If you’re not too concerned about global warming, you’re probably a regular American. If you think, however, that it’s on par with World War II as a threat to the nation, you’re the managing editor of Time magazine.
Al Gore’s “We” ad campaign drew a parallel between fighting global warming and storming the beaches of Normandy. Then Time took the iconic photo of Marines raising the flag at Iwo Jima and replaced the Stars and Stripes with a tree.
“[W]e say there needs to be an effort along the lines of preparing for World War II to combat global warming and climate change,” Time Managing Editor Richard Stengel said on MSNBC April 17. “It seems to me that this is an issue that is very popular with the voters, makes a lot of sense to them …”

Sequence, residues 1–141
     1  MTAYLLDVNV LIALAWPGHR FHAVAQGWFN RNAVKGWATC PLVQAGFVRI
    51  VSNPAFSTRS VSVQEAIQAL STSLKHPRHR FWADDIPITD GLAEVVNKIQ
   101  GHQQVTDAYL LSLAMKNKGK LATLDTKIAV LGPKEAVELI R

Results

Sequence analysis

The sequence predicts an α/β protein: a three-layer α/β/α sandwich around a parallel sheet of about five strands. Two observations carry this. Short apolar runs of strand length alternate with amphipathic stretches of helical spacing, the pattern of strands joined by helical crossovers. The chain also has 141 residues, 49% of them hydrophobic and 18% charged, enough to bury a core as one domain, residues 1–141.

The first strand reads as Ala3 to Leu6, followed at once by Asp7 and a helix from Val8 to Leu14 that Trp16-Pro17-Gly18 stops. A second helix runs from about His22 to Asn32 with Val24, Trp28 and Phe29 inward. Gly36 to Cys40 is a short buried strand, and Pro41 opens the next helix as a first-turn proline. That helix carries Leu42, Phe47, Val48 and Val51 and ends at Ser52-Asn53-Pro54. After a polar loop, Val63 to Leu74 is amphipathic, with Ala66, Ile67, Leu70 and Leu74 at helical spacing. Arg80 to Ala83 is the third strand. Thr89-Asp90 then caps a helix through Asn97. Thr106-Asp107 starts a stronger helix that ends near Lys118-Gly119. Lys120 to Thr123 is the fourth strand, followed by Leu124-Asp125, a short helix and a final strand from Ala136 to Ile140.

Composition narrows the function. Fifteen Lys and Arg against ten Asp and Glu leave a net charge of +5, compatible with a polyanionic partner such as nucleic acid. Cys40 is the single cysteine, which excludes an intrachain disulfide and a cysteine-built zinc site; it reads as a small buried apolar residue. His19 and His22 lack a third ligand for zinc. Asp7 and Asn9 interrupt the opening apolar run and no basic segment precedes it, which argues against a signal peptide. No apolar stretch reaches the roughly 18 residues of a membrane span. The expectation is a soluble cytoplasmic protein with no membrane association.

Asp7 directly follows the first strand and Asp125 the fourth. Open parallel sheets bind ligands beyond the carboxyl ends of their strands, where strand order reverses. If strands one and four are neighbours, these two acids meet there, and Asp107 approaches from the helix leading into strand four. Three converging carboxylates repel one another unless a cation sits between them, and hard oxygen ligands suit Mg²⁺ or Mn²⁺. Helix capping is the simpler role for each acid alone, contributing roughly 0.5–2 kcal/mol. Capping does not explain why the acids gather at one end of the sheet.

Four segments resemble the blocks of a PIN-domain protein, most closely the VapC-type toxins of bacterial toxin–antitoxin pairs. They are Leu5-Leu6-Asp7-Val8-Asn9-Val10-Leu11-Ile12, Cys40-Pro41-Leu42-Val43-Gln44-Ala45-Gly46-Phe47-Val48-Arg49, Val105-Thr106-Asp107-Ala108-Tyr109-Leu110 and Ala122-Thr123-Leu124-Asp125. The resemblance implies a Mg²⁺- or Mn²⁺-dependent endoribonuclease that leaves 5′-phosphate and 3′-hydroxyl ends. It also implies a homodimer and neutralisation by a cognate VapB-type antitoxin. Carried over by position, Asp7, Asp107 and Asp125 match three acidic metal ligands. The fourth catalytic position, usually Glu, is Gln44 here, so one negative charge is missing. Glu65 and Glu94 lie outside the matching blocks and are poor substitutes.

The election year has the media scrambling to put every issue in the context of “voters.” Newsweek’s April 14 issue devoted 18 pages to “Environment and Leadership,” pondering the presidential candidates: “Who’s the Greenest of Them All?” Yet these magazines are out of touch with what real voters are thinking.
Gallup reported April 21 that “While 61% of Americans say the effects of global warming have already begun, just a little more than a third say they worry about it a great deal, a percentage that is roughly the same as the one Gallup measured 19 years ago.”
Two decades of global warming alarmism and activism, and no more than a third “say they worry about it a great deal”? No wonder Gore’s rustled up $300 million to shout at people. The Washington Post reported April 18 that “the economy and the Iraq war are the top two issues on voters' minds, according to the new Post-ABC poll.”